Mark IV Enterprises, Inc. et al v. Bank of America, N.A. et al
MEMORANDUM OPINION OF THE COURT. Signed by District Judge Todd J. Campbell on 3/20/2015. (xc:Pro se party by regular and certified mail.)(DOCKET TEXT SUMMARY ONLY-ATTORNEYS MUST OPEN THE PDF AND READ THE ORDER.)(eh)
IN THE UNITED STATES DISTRICT COURT
FOR THE MIDDLE DISTRICT OF TENNESSEE
MARK IV ENTERPRISES,
BANK OF AMERICA, N.A. and
) NO. 3-15-0021
) JUDGE CAMPBELL
Pending before the Court is Plaintiffs’ Motion to Remand (Docket No. 12). For the reasons
stated herein, Plaintiffs’ Motion is GRANTED, and this case is remanded to the Davidson County
Plaintiff filed this action in the Chancery Court for Davidson County, Tennessee, alleging
state law causes of action against Defendants Bank of America (“BOA”) and Susan Bennett. BOA
removed that action to this Court, alleging diversity jurisdiction pursuant to 28 U.S.C. § 1332. BOA
contends that Plaintiffs are citizens of Tennessee; BOA is a citizen of North Carolina; and Bennett,
a citizen of Tennessee, was fraudulently joined in this action.
Defendant maintains that Defendant Bennett was fraudulently joined in that there is no
colorable basis for a claim against her because of the applicable statutes of limitations. Plaintiff
argues that Defendant Bennett is not fraudulently joined and Defendant BOA’s removal was
improper in that there is no legal basis for jurisdiction in this Court.
Federal law provides that any civil action brought in state court, of which the district courts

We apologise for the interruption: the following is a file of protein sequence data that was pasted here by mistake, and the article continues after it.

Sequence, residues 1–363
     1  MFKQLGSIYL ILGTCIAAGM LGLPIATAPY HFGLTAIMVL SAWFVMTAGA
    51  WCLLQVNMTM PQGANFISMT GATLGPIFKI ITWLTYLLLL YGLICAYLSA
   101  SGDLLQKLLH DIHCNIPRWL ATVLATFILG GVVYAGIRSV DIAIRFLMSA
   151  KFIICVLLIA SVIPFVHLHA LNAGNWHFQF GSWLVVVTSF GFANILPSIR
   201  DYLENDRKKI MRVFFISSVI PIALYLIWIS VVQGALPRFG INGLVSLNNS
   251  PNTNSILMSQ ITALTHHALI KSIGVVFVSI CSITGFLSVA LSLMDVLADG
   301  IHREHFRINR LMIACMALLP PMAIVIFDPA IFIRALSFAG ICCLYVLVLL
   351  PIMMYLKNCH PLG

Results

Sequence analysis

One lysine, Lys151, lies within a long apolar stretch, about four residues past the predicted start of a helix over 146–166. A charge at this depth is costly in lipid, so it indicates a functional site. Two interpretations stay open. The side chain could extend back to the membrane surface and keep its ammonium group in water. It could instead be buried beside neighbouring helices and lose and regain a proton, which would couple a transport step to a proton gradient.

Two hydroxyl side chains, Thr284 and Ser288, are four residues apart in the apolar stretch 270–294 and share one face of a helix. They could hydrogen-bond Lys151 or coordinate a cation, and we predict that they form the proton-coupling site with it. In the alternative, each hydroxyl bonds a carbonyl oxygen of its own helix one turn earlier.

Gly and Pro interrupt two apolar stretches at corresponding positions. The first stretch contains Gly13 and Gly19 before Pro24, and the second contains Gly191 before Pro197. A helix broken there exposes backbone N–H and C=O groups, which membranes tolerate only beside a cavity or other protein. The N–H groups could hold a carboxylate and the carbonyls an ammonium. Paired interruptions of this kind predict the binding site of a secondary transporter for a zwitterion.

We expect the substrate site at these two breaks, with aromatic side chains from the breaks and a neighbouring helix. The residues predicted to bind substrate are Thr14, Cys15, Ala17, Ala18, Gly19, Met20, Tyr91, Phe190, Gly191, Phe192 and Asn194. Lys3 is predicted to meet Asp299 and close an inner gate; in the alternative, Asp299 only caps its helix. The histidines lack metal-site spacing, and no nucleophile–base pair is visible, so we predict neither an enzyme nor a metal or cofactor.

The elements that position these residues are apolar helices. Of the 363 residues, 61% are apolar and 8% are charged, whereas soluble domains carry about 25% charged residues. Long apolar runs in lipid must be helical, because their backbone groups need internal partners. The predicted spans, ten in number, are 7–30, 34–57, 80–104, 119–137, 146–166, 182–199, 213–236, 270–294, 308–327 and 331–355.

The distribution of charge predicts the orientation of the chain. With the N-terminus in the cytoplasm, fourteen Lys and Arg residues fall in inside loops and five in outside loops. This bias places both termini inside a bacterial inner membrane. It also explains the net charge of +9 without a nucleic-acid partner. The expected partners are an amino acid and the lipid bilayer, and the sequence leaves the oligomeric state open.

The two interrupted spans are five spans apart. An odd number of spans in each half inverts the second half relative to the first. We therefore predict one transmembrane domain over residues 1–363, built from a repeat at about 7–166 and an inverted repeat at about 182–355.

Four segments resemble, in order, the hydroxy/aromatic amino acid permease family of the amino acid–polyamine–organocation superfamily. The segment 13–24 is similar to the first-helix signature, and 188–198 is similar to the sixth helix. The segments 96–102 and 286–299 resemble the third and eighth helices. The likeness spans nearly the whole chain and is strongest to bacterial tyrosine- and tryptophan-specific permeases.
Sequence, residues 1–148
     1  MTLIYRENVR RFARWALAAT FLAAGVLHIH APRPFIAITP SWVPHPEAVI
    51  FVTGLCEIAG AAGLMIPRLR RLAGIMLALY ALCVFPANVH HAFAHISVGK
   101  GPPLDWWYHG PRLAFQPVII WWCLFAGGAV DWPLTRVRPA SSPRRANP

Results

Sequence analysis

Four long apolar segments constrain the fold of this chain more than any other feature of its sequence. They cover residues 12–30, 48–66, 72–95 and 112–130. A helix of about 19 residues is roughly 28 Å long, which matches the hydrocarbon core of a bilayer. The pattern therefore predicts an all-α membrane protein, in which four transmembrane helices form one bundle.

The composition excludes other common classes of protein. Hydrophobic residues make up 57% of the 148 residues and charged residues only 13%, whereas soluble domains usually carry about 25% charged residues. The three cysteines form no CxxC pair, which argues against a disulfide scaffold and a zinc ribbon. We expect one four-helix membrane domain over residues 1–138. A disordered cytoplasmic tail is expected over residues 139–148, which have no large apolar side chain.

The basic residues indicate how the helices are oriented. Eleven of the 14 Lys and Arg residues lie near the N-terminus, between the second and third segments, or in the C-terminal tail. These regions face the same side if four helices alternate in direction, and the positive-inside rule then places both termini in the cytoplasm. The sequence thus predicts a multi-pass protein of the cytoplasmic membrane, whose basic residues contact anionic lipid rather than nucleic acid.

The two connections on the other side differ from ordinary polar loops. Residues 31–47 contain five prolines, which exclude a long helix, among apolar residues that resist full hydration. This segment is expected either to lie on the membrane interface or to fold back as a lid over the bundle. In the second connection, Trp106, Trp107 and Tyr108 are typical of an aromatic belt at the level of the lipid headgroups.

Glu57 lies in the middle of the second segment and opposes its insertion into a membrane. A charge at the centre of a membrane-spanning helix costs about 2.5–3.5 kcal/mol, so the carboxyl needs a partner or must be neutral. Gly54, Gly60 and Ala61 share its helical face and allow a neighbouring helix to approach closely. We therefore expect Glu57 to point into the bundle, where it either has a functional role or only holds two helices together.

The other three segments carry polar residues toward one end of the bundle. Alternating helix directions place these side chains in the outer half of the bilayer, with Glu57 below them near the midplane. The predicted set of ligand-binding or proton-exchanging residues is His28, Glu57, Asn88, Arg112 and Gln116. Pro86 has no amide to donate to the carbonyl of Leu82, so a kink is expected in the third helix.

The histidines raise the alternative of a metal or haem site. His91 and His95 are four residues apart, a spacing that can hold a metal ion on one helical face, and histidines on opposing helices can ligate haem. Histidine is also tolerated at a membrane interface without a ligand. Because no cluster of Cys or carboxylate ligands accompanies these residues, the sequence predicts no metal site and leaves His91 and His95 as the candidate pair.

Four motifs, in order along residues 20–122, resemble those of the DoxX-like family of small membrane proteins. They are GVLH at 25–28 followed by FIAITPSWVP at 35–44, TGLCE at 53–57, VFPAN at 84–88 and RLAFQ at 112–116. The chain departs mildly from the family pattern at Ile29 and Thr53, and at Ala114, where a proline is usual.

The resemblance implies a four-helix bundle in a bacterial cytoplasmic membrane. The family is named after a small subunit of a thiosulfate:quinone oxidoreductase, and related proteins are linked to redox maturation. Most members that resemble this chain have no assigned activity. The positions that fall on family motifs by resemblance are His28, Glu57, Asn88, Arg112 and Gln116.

of the United States have original jurisdiction, may be removed by the defendant to the federal court.
28 U.S.C. § 1441(a). If, at any time before final judgment it appears that the district court lacks
subject matter jurisdiction, the case shall be remanded. 28 U.S.C. § 1447(c).
Here, the alleged basis of subject matter jurisdiction is diversity of citizenship, pursuant to
28 U.S.C. § 1332(a), which provides that this Court has original jurisdiction over civil actions in
which the matter in controversy exceeds the sum of $75,000 and the dispute is between citizens of
different states. If Defendant Bennett is included as a party Defendant, diversity jurisdiction is
destroyed. Thus, the issue before the Court is whether Defendant Bennett was fraudulently joined
in order to defeat diversity jurisdiction.
The burden to establish federal jurisdiction is upon Defendant BOA as the removing party.
Alexander v. Electronic Data Systems Corp., 13 F.3d 940, 948-49 (6th Cir. 1994). In addition, the
removing party bears the burden of demonstrating fraudulent joinder. Id. Removal statutes are to
be strictly construed. Id.
Fraudulent joinder is a judicially-created doctrine that provides a limited exception to the
requirement of complete diversity. Jackson v. Cooper Tire & Rubber Co., 2014 WL 5488790 at *
2 (M.D. Tenn. Oct. 29, 2014). Under this doctrine, the citizenship of a defendant who has been
fraudulently joined should be disregarded when determining whether a federal court has diversity
To prove fraudulent joinder, the removing party must present sufficient evidence that the
plaintiff could not have established a cause of action against the non-diverse defendant under state
law. Hagen v. U-Haul Co. of Tennessee, 613 F.Supp.2d 986, 989 (W.D. Tenn. 2009). There can
be no fraudulent joinder unless it is clear that there can be no recovery under state law on the cause